In order to effectively develop a future European energy system based on variable renewable energy systems (VRES), the probabilistically-occurring low generation periods from wind and PV generators must be better understood. However, little explicit information on these VRES lulls is currently available in relation to: how long these VRES lulls could last, how often they could occur, and how these qualities vary between differing regional contexts. This work, therefore, addresses these issues for wind and PV generation in the context of an exemplary future European energy system. To accomplish this, future-oriented wind and PV generation is recreated at high spatial and temporal resolution from the basis of a literature-derived European energy system scenario in 2050. The occurrence of VRES lulls are then observed in the resulting generation profiles over a 37 year time frame for the whole of Europe and several nations. The likelihood of observing a lull spanning X hours at least once in a randomly selected year is then found. Results of this work can be used by energy system planners and researchers to estimate minimal backup and storage needs in future VRES-prominent European energy systems.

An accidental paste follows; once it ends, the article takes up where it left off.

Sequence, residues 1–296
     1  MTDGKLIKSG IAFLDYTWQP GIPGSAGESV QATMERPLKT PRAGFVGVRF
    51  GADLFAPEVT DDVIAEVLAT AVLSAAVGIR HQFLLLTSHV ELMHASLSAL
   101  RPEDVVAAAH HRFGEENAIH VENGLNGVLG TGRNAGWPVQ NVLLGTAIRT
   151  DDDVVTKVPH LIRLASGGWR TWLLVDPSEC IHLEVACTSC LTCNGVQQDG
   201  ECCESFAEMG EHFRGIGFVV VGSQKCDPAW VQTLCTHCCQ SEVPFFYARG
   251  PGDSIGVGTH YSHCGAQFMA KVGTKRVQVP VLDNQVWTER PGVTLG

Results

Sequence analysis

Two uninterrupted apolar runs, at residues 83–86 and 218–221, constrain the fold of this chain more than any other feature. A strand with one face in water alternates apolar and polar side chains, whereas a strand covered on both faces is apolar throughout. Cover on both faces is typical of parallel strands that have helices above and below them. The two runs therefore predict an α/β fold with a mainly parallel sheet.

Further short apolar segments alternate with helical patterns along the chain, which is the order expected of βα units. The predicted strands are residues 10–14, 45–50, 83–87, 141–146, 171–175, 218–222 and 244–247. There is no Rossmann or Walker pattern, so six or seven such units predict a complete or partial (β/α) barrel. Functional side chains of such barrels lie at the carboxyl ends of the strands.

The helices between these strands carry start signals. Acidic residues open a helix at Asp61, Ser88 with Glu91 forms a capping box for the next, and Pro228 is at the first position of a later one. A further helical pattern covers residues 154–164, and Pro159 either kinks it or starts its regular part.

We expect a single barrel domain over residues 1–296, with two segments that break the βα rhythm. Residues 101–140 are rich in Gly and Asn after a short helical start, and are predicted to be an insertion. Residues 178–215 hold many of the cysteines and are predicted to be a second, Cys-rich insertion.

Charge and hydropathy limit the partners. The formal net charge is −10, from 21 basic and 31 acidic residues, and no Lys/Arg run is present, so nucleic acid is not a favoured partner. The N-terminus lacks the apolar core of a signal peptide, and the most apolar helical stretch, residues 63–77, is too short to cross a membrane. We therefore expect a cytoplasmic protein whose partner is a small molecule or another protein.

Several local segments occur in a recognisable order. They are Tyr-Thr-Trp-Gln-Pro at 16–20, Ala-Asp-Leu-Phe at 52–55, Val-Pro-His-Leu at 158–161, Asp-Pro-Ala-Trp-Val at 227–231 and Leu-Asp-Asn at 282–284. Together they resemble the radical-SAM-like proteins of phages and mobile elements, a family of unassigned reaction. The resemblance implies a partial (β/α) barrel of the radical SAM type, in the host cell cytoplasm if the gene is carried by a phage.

Keywords renewable energy, renewable energy intermittency, power generation, energy system design